Petaluma, CA Feral Cat Colonies

Petaluma, CA Feral Cat Colonies

Excerpt from Petaluma360.com.  Read the complete article here.

Wednesday, July 16, 2008

Well-managed feral cat colonies urged for city

Petaluma’s animal shelter may partner with nonprofit group on ‘trap, neuter, return’ program to reduce euthanizations

By COREY YOUNG
ARGUS-COURIER STAFF

Petaluma may partner with animal advocates to increase oversight of feral cat colonies in town, with the goal of thinning the number of ferals through attrition rather than euthanasia.

The city’s Animal Services Advisory Committee is currently debating a list of recommendations for a program that would allow most ferals to be sterilized and given a clean bill of health before being released back to where they were found.

In exchange, caretakers of cat colonies would need to work closely with city animal shelter staff, to register their colony locations and put any tame cats found up for adoption.

A similar policy is on the books now, but advocates for ferals say it isn’t successful because of mistrust between caretakers and animal shelter authorities. … …

Excerpt from Petaluma360.com.  Read the complete article here.

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2 Responses to “Petaluma, CA Feral Cat Colonies”

  1. Elle says:

    A Little Tabby . . .
    speaks for the feral cats of the world.
    A true story By Marcelle Guy ©1992-2009
    The setting is a small business on the outskirts of town. Although it could have been anywhere in America. Feral cats have the lowest priority. If you don’t see them, they don’t exist.

    “Touch me” she said. “It’s so easy to leave me all alone with the memory of my days in the sun. If you touch me you’ll understand . . .
    (Words from the musical, Cats - Memory )

    I touched her. I understood. And it broke my heart.

    Little TabbyToday she let me touch her. Her little body was trembling with fear but I could not miss the very soft purring underneath the thick coat of fur. The encounter was very quick and in no time she ran back, keeping a safe distance once again, watching me pour the fresh food and water into the bowls.

    Step, step, step . . . her little feet kneading at the ground as if it was a wool blanket under her feet instead of the sandy soil. My task done, I stopped to talk to her for a moment. She looked at me and meowed, her feet still kneading at the ground. She was closed enough that I could hear her, still purring very softly.

    A little tabby . . . kind of cute but so tiny. Probably just out of kittenhood.

    I was ignorant of the problem of feral cats when I arrived at the premises several months earlier. I am a city woman. I was shocked to find about three dozens cats roaming around, looking for food after the place was quiet and all the customers were gone. I started to feed the cats, not really knowing how to deal with this overwhelming situation.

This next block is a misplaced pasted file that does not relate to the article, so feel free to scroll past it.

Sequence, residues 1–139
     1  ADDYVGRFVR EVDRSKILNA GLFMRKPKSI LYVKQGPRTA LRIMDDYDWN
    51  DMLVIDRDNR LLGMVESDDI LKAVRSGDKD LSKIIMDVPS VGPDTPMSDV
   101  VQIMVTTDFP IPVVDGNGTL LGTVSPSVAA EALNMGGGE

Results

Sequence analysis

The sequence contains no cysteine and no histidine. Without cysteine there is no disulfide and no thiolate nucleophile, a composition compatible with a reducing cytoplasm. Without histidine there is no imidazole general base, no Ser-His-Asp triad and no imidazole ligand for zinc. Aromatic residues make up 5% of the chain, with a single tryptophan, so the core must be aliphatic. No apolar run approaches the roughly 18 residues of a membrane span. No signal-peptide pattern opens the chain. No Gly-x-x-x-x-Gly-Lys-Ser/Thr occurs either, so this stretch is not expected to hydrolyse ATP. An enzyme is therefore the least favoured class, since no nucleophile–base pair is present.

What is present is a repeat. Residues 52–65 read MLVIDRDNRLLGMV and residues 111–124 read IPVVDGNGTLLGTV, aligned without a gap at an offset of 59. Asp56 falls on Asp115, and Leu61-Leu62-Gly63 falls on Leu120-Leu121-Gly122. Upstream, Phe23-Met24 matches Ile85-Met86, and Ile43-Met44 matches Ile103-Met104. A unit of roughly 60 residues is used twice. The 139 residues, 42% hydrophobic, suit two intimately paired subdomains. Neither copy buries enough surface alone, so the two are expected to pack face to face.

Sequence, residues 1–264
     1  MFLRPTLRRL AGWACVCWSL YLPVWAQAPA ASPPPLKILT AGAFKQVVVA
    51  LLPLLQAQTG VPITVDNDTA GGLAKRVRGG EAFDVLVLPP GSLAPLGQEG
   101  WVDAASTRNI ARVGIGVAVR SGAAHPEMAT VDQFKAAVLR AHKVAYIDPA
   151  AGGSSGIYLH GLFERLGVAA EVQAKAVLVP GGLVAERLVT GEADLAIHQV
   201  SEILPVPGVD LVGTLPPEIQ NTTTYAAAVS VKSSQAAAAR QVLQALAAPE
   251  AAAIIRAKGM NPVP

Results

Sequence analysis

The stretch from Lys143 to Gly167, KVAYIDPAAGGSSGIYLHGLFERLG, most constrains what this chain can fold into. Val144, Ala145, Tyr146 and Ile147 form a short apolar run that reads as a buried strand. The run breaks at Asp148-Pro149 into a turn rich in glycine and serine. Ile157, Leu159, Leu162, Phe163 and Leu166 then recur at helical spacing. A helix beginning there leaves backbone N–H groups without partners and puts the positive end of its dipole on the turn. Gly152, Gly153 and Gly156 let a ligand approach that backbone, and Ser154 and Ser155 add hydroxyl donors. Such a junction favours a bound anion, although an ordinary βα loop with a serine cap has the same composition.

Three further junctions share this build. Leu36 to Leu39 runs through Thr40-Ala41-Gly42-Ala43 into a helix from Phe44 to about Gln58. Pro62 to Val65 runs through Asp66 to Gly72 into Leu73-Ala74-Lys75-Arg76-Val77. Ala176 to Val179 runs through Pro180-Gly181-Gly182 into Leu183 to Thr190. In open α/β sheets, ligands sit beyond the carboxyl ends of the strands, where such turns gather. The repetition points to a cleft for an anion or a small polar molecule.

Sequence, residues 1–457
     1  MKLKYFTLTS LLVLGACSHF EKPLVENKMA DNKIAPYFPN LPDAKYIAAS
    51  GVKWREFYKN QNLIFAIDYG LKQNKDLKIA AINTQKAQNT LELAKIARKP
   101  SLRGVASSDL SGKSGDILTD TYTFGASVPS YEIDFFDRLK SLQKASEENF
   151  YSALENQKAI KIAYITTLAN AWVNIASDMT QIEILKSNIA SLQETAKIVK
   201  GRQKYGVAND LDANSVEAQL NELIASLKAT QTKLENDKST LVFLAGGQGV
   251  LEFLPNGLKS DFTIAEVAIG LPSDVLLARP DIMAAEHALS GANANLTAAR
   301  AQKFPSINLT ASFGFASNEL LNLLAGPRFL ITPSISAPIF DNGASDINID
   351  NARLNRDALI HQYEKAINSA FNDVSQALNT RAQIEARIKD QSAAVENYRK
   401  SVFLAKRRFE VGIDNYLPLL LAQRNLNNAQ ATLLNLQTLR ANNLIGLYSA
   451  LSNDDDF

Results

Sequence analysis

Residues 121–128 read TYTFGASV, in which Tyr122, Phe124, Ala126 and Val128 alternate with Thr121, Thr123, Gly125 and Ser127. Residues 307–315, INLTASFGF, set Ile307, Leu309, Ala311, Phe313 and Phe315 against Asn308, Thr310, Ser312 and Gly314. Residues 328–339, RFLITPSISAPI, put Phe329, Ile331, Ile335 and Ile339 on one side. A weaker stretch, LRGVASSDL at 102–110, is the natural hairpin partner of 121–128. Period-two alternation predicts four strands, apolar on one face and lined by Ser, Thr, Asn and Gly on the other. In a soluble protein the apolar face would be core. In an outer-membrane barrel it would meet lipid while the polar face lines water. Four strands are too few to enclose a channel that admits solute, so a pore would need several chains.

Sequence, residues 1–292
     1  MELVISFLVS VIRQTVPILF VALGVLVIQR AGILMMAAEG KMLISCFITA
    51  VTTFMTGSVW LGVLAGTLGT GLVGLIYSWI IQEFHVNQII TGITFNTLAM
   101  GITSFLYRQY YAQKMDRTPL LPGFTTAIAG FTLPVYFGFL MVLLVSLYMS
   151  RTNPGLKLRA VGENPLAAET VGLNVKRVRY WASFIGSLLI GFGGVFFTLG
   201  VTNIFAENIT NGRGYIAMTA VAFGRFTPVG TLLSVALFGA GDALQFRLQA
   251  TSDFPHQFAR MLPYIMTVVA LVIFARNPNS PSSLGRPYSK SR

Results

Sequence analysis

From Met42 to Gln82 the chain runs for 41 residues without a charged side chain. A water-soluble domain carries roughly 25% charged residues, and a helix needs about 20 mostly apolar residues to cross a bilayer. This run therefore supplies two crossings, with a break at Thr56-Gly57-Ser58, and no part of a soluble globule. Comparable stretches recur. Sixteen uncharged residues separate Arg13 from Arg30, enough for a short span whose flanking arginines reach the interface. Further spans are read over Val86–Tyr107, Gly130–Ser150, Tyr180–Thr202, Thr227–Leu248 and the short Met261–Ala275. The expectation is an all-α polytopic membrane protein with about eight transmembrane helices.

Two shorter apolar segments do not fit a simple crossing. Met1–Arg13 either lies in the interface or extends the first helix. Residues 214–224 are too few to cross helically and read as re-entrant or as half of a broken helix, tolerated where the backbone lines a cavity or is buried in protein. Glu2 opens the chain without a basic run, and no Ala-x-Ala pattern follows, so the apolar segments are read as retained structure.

These animals, obviously homeless, had no one to look after them. They were no one’s responsibility. A nuisance according to humans around. Some looked healthy enough, others were in need of treatment. Different stage of growth, different colors. I began feeding them and leaving water for them at night before I left the premises. Some cats were friendly enough, most likely had been someone’s pet at one time. I began the task of taming them, well enough to get them into a carrier and take them to be fixed.
    Little tabby

    The little tabby was special to me somehow. She had been quietly studying me at a distance for a long time, wanting to come closer but afraid to. I needed lots of patience with her before I could get her into a carrier.

    We were almost there. . . when all of a sudden the cats disappeared. I came in one Monday morning and all the cats were gone. The place totally deserted! No feline in sight! The food dish hardly touched. I filled the bowl again that night and the food was still there when I came in Tuesday morning.

    It was eerie! Even the old black and white cat that everybody talked to and petted was gone. He had been someone’s pet, abandoned to fend for himself.

    I asked around and someone said the cats had been shot over the weekend. “Population Control,” he added.

    I felt sick!

    Wednesday morning, blood on the side of the water bowl. Someone was still alive and wounded.

    The place was tense. I did my work, tears rolling down my face and anger in my heart. I wanted some answers. I wanted know the truth. What happened? The thought of the little tabby kept coming to my mind. Where was she? Where were they all? Was she alive and too afraid to come out? Did they think that I betrayed them?

    A few tense hours passed . . . Everyone was quiet and anxious at the office.

    And then I heard it. I heard a very faint meow outside the door. I rushed out and there she was. The little tabby. She had her face in the bowl of food, as if trying to eat. When she heard me, she looked up and let out a very weak meow again.

    I then saw her face. Part of her mouth had been blown away. She was barely alive. Her body had the smell of decaying flesh. It was a miracle that she made it to the bowl of food where she knew I would find her. It is as if she heard my prayers and wanted to give me the evidence I needed: Her little body riddled with bullets.

    Rolled in a towel, I carried her to the nearest veterinarian and I held her in my arms while she was gently put to sleep. I heard her last words . . . A very soft purr . . . No doubt she said: “Help us, please.” Her heart stopped beating. She was gone. And I alone cried for the little tabby. The little tabby without a name, without a home. The little tabby deserted by society.

  2. Elle says:

    Please help Petaluma feral cats!

    Ordinance coming to council May 18, 2009

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